• Region 5 (Allegan, Barry, Calhoun, Branch, St. Joseph, Cass, Berrien, Van Buren and Kalamazoo counties): 21 clusters, all of which are ongoing outbreaks.
  • Region 6 (Clare, Ionia, Isabella, Kent, Lake, Mason, Mecosta, Montcalm, Muskegon, Newaygo, Oceana, Osceola and Ottawa counties): 18 clusters, with one new and 17 ongoing outbreaks.
  • Region 7 (Manistee, Wexford, Missaukee, Roscommon, Benzie, Leelanau, Grand Traverse, Kalkaska, Crawford, Oscoda, Antrim, Otsego, Montmorency, Alpena, Presque Ilse, Cheboygan, Emmet and Charlevoix counties): 12 clusters, all of which are ongoing outbreaks.
  • Region 8 (Upper Peninsula): 11 clusters, all of which are ongoing outbreaks.

By category, the outbreaks totaled:

  • 56 clusters (one new and 55 ongoing) at long-term care facilities, which include skilled nursing and assisted living facilities, adult day cares and group homes.
  • 56 clusters (three new and 53 ongoing) at K-12 school or colleges. A total of 47 outbreaks involved K-12 schools, and the remainder were on or around college campuses.
  • 38 clusters (one new and 37 ongoing) were linked to manufacturing or construction sites.
  • 10 clusters (all ongoing) in jails and prisons.
  • Seven clusters (all ongoing) occurred at child-care centers or youth programs not associated with a school.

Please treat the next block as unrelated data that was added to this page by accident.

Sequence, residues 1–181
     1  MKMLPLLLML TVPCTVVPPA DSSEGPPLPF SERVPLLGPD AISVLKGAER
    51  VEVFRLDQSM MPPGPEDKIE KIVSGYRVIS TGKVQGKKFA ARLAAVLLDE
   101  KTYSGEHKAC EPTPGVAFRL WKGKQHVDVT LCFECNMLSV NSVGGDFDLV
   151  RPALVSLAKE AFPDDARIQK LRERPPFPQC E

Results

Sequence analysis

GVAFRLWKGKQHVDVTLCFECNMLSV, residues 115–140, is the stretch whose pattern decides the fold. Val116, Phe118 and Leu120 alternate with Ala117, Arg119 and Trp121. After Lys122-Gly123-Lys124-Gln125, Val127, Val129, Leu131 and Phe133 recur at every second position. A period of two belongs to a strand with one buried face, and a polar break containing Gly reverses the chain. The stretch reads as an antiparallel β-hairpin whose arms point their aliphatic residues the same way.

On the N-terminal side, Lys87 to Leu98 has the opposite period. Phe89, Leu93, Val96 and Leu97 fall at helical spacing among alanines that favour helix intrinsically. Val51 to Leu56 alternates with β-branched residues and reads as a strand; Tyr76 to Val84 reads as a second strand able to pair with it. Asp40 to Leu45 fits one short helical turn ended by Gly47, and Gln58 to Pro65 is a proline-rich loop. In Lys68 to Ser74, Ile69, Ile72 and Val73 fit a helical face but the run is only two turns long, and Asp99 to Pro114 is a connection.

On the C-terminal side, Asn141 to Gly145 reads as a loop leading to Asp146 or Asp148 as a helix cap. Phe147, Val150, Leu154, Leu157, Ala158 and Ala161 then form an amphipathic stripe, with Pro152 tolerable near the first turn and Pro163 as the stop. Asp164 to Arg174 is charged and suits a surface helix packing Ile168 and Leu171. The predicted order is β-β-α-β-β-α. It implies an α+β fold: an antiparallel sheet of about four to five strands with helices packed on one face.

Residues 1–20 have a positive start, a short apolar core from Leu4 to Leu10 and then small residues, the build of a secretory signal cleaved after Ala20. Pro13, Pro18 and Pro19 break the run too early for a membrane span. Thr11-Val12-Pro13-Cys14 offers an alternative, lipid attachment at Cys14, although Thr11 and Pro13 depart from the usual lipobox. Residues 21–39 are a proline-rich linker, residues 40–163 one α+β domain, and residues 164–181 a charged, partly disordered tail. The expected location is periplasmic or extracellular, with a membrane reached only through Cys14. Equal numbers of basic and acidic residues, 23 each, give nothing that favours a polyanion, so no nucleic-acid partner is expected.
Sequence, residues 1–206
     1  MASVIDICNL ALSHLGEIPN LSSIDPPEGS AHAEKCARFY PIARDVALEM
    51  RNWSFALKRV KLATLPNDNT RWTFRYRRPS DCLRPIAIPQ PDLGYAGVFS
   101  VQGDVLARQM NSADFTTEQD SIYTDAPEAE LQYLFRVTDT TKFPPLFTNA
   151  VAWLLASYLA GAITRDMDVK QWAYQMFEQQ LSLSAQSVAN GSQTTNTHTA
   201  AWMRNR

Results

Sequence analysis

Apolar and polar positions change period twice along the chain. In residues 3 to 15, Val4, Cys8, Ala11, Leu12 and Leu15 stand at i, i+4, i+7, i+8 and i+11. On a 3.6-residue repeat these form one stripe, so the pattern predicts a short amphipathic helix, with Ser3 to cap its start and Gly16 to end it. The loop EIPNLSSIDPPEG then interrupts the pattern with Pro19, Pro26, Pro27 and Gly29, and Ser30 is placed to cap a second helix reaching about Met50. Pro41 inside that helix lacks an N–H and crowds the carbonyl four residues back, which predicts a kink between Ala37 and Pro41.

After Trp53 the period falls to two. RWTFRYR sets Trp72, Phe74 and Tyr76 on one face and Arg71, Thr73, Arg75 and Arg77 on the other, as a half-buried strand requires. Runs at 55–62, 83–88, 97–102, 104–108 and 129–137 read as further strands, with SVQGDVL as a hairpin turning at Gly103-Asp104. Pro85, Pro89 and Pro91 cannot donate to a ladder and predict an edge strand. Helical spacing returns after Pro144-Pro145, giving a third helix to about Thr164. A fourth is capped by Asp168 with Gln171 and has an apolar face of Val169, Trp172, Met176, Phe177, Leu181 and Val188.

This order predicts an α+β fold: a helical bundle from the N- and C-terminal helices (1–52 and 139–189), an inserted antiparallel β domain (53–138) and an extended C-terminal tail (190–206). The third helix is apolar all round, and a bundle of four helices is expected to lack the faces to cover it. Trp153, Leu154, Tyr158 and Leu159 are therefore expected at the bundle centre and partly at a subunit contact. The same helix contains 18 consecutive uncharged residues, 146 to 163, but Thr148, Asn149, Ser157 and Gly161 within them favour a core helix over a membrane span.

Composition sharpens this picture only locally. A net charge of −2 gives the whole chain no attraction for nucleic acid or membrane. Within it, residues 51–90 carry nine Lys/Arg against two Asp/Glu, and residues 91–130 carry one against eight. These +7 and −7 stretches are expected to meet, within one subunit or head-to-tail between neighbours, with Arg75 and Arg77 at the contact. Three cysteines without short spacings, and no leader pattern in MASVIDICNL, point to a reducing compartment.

• Five clusters (all ongoing) involved retail businesses.
  • Four clusters (all ongoing) at homeless or other shelters.
  • Three clusters (all ongoing) associated with religious services.
  • Three clusters (all ongoing) were linked to bars or restaurants.
  • Three clusters (all ongoing) in office settings.
  • Three clusters (all ongoing) at migrant camps or other agriculture workplaces, such as food-processing plants.
  • Two clusters (all ongoing) linked to private social gatherings, such as a wedding, funeral or party.
  • Two clusters (one new and one ongoing,) were at health-care sites, which would include hospitals, medical and dental offices, dialysis centers and other facilities providing health-care services.
  • Two clusters (all ongoing) linked to personal services, such as a hair and/or nail salon, or a gym or spa.
  • One ongoing cluster linked to an indoor community exposure such as a concert, meeting, etc.

Outbreaks will be removed from the database if there are no additional cases through a 14-day period, state MDHHS officials have said.

State officials note that the chart does not provide a complete picture of outbreaks in Michigan, and an absence of identified outbreak in a particular setting is not evidence that the setting is not having outbreaks.

“Many factors, including the lack of ability to conduct effective contact tracing in certain settings, may result in significant under-reporting of outbreaks,” the state’s website reads.

For more statewide data, visit MLive’s coronavirus data page, here. To find a testing site near you, check out the state’s online test finder, here, send an email to, or call 888-535-6136 between 8 a.m. and 5 p.m. on weekdays.

Read more on MLive:

Doctors ‘push the limit’ with organ transplants as COVID-19 extends wait lists

Michigan coronavirus data for Monday, June 21: Vaccinations slowing to a trickle

24% of Michiganders have acquired natural immunity to COVID. Why doctors say vaccination is better.

Vaccinations, low COVID-19 rates have Mackinac Island ‘cautiously optimistic’ for 2021 season


More from MLive - GrandRapids/Muskegon/Kalamazoo

MLive - GrandRapids/Muskegon/Kalamazoo
MLive - GrandRapids/Muskegon/Kalamazoo
image beaconimage beaconimage beacon